On Thursday 29th January, Crawley Council hosted its third State of the Borough debate at the Hawth. The title was taken from the American State of the Union address and then implemented with slightly less grandeur. On the panel taking questions, I was joined by Councillors Duncan Crow (Deputy Leader of the Council), Brenda Smith (Leader of the Labour Group) and Gordon Seekings (Leader of the Liberal Democrats). For anyone not able to attend Question Time the previous week, I hope that this event provided a worthwhile alternative. We will be placing the transcript on the internet and people will then be able to make their own judgements.
The event provided an opportunity to meet a range of people including a number of invited stakeholders such as the police and tenant representatives. It also saw the council’s three elected political parties working together in a public forum although this is not as rare as some of our comments in the media might imply.
The evening started with a presentation reviewing the year 2008 that highlighted both progress and areas for improvement. These elements were followed by a summary of objectives and challenges including the recession and council finances; delivering the Decent Homes Standard, regeneration schemes, community engagement, health and well-being.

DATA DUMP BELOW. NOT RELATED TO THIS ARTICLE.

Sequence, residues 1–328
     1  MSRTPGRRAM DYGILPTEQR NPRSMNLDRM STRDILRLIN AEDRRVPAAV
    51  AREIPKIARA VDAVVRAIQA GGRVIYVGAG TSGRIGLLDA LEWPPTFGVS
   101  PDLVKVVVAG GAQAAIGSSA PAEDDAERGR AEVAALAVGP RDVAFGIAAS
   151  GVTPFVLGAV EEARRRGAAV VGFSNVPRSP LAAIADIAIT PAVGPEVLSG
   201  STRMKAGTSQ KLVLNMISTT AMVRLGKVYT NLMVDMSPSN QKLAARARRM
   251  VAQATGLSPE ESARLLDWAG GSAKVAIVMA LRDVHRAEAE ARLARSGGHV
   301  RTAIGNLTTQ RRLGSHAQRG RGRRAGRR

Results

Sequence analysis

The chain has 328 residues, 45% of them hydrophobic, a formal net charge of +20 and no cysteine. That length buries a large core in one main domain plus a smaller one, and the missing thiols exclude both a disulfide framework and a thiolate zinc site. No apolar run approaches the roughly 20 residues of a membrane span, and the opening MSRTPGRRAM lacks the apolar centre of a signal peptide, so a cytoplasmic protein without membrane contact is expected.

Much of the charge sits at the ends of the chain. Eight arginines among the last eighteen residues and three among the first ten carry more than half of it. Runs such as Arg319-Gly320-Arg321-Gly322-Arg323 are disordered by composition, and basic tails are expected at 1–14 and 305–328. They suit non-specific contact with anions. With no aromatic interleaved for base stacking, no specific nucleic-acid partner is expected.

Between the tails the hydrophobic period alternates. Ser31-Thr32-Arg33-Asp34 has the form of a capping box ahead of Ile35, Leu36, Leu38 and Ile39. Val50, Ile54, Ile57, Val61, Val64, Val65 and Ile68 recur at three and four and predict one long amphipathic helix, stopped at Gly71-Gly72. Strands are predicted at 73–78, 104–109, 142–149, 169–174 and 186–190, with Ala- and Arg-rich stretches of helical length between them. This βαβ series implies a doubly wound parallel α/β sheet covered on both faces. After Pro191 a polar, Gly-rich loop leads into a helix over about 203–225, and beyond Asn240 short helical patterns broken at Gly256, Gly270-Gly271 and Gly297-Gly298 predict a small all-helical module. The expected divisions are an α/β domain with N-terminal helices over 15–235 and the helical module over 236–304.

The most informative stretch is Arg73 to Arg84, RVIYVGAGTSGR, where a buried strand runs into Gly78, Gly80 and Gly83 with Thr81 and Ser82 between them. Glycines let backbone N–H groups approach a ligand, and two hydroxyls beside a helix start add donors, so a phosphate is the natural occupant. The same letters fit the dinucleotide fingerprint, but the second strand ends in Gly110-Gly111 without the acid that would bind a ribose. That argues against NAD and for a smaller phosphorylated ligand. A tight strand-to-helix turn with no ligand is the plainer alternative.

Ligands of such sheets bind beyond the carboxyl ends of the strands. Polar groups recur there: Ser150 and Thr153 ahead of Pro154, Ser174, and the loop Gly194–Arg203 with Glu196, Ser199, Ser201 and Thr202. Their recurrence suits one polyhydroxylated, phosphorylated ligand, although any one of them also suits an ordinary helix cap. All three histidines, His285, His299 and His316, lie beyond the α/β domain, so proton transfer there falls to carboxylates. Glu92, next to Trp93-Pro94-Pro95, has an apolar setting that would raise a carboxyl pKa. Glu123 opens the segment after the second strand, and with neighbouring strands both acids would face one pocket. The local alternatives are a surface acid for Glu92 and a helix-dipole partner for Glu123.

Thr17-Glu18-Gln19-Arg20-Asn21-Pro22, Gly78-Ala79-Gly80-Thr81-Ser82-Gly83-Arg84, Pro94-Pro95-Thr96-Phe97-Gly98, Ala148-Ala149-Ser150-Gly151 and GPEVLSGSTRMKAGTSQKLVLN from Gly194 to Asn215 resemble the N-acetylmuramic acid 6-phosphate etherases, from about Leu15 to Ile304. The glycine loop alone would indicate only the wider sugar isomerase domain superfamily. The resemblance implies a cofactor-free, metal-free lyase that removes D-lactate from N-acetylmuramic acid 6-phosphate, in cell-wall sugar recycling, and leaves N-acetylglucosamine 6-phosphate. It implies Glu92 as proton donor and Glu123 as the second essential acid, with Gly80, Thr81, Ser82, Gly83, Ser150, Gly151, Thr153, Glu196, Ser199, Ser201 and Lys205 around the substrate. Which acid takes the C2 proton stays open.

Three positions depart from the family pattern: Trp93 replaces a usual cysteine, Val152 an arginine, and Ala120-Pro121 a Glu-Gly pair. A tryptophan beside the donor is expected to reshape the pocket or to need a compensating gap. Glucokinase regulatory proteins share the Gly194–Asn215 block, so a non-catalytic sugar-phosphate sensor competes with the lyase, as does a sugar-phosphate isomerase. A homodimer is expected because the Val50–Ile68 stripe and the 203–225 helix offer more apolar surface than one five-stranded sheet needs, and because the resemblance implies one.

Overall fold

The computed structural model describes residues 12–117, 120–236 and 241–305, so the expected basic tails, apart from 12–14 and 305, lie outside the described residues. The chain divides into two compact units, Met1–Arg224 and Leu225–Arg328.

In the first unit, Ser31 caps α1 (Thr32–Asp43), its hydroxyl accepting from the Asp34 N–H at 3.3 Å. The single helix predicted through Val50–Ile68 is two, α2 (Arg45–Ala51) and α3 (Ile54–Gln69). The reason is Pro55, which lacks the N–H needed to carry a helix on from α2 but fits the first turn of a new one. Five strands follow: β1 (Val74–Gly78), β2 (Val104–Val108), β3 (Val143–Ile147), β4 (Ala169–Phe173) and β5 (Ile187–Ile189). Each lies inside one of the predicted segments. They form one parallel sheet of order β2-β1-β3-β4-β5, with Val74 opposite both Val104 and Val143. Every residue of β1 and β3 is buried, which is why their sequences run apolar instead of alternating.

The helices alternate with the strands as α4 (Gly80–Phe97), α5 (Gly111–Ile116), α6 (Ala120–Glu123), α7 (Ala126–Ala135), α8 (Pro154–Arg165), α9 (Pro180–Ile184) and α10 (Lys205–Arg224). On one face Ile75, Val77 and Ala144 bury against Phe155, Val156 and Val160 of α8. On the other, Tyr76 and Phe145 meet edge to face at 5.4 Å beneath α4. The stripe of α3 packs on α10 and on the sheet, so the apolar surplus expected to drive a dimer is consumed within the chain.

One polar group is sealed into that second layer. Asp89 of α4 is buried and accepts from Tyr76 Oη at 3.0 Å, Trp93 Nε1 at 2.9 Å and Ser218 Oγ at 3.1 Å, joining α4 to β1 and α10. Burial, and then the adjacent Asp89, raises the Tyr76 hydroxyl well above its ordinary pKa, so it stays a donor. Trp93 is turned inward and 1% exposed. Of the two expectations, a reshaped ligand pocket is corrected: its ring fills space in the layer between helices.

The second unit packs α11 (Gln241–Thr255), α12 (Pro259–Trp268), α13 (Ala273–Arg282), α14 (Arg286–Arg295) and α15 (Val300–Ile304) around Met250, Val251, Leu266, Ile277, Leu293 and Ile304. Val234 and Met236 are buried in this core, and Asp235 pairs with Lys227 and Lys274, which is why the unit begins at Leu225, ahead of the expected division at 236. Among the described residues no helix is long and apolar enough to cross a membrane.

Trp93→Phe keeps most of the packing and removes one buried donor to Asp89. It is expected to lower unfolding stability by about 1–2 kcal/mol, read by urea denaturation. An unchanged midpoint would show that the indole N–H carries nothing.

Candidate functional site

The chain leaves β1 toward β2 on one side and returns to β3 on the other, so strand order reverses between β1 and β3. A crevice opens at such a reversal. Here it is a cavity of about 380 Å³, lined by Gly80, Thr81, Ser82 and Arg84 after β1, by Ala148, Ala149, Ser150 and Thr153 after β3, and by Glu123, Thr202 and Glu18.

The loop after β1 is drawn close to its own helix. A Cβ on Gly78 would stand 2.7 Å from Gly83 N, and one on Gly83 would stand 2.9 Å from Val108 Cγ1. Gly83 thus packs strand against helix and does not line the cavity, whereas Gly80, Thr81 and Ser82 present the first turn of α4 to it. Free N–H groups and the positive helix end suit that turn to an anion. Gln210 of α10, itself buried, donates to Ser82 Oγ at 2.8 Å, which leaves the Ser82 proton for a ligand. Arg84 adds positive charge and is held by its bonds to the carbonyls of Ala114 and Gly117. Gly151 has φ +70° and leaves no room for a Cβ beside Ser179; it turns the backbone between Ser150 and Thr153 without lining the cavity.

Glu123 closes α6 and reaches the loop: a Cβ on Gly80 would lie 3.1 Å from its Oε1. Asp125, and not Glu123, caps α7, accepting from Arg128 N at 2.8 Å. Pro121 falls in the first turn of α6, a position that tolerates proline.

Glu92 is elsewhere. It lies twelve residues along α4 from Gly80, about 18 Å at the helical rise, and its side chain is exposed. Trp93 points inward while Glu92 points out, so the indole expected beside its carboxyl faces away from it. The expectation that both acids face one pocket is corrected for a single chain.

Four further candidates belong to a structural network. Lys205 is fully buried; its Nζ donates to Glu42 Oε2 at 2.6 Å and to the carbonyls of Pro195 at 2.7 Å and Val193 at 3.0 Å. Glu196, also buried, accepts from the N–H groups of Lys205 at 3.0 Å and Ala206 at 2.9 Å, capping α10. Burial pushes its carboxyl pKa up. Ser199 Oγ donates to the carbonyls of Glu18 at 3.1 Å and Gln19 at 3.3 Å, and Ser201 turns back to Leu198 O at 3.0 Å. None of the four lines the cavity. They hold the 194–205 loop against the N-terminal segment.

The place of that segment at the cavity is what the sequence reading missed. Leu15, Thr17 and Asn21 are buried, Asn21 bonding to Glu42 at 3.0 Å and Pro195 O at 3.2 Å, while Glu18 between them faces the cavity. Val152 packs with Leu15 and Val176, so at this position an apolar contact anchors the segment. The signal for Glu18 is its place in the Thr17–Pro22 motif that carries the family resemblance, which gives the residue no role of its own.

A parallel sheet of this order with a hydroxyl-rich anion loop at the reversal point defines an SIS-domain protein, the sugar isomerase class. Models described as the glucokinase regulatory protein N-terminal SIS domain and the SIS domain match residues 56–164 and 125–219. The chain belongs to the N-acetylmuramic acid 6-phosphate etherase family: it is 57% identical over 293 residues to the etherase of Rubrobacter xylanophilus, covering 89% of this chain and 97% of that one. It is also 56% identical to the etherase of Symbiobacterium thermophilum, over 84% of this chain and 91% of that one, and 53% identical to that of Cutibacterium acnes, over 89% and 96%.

In the public question time, there was a mixture of new and recurring themes, all of which the council will take on board together with partner organisations. There was support for a university presence as it would help raise aspirations and support our commerce and industry. This was good news as a number of individuals and organisations are working towards this goal.
The questions raised were topical and varied. Why were there so many potholes inCrawley’s roads? WouldCrawleyget a new major general hospital? What could be done about the small room sizes in some new-build properties? How couldCrawleyexpand while avoiding very high housing densities? Why were some shop rents going up by so much? What could be done about anti-social behaviour?
The panel offered answers to all of the points raised. Some issues were not entirely within the council’s control. This was illustrated by the questioning around expansion and housing densities. Crawleymust provide a certain amount of new housing up to the year 2026 in accordance with the South-East Plan. At the same time, there is a government directive restraining new development in the North-East Sector because of airport capacity studies. So we are not entirely our own masters for housing numbers, location or density.
Being in control of our own destiny is sometimes referred to as localism – the principle of having decisions made at the lowest practical level, nearest to the people. If we achieved that vision, State of the Borough would have even more meaning. I doubt that any London-based government will allow much progress in this direction. Central government often shows a controlling tendency because they do not trust local government with large sums of money. It is then more difficult for all tiers of government to embrace the worthy political principle of trusting the people.
Councillor Bob Lanzer, Leader of Crawley Borough Council
4th February 2009